Orion reacquired NASA’s Deep Space Network signal at 7:59 a.m., EST, after successfully performing the outbound powered flyby burn at 7:44 a.m., EST, with a firing of the orbital maneuvering system engine for 2 minutes and 30 seconds to accelerate the spacecraft at a rate of more than 580 mph.
At the time of the burn, Orion was 328 miles above the Moon, traveling at 5,023 mph. Shortly after the burn, Orion passed 81 miles above the Moon, traveling at 5,102 mph. At the time of the lunar flyby, Orion was more than 230,000 miles from Earth.
The outbound powered flyby burn is the first of two maneuvers required to enter the distant retrograde orbit around the Moon. The spacecraft will perform the distant retrograde orbit insertion burn Nov. 25, using the European Service Module. Orion will remain in this orbit for about a week to test spacecraft systems. The distant retrograde will take Orion 40,000 miles past the Moon before it returns to Earth. Orion’s greatest distance from the Earth will be Nov. 28 at more than 268,500 miles. Orion’s greatest distance from the Moon will be on Nov. 25, at more than 57,250 miles.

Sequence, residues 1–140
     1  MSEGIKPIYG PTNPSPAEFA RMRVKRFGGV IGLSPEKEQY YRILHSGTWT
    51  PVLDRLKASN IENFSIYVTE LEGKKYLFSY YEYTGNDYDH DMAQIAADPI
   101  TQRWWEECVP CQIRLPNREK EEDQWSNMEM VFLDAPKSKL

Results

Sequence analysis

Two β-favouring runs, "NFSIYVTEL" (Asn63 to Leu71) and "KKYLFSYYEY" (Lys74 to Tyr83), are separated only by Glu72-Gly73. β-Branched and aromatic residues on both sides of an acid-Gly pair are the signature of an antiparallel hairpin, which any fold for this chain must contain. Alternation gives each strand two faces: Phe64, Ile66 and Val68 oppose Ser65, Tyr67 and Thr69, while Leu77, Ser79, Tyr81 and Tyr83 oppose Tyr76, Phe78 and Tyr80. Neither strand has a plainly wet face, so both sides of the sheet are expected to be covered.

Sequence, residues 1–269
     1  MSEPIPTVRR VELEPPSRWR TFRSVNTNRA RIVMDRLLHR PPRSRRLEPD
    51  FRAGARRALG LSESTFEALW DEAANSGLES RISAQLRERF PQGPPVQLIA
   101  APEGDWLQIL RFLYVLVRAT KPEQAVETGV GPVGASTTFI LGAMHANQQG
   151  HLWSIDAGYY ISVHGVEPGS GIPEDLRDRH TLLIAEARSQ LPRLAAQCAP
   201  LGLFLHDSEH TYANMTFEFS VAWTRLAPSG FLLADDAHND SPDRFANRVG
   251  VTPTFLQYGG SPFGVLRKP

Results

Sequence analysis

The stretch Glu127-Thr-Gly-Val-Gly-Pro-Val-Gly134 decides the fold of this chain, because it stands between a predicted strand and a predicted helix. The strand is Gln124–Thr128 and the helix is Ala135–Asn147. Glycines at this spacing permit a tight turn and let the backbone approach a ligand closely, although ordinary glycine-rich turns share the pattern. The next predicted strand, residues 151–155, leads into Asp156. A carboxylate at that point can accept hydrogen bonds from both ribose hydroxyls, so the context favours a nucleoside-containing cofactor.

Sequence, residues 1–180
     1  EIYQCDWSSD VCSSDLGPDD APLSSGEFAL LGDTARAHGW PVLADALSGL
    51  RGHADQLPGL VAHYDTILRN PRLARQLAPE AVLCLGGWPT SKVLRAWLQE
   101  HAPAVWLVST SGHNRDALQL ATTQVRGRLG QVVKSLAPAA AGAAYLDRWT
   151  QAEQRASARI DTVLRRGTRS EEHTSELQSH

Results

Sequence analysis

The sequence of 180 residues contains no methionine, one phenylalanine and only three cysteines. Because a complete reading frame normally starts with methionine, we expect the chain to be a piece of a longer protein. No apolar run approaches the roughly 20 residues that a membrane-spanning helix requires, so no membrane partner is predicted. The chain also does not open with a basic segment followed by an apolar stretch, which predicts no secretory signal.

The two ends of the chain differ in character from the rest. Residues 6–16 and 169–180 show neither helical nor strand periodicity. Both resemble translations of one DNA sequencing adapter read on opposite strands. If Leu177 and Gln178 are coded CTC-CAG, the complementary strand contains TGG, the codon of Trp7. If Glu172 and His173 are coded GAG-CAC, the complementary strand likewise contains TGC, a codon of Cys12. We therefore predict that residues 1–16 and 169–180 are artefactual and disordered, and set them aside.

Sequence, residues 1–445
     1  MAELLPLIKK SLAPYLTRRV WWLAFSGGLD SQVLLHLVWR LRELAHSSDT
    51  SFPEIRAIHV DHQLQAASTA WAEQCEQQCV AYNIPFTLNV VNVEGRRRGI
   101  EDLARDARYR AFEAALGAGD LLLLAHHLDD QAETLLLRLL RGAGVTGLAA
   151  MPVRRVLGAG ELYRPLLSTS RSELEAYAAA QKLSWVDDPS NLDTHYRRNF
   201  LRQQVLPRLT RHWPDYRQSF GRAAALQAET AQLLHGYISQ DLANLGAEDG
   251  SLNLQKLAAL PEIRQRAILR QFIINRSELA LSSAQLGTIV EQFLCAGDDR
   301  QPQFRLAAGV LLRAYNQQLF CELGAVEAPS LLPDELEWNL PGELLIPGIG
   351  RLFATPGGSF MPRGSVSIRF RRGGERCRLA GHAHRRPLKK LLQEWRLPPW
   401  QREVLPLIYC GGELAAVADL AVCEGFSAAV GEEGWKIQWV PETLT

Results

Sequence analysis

The Deep Space Network, managed by NASA’s Jet Propulsion Laboratory in Southern California, handles communications for Artemis I beyond low-Earth orbit. This includes the mission’s trajectory corrections, powered flyby burns, and insertion into and departure from distant retrograde orbit, while the Near Space Network provides supplemental navigation data with assistance from the Near Space Network’s tracking and data relay satellite constellation.
The Deep Space Network consists of three facilities spaced equidistant from each other — approximately 120 degrees apart in longitude around the world. These sites are at Goldstone, near Barstow, Calif.; near Madrid, Spain; and near Canberra, Australia. The strategic placement of these sites permits constant communication with spacecraft as our planet rotates — before a distant spacecraft sinks below the horizon at one site, another site can pick up the signal and carry on communicating. Orion initially regained signal with the Madrid ground station after the lunar flyby and then transitioned signal to the Goldstone station.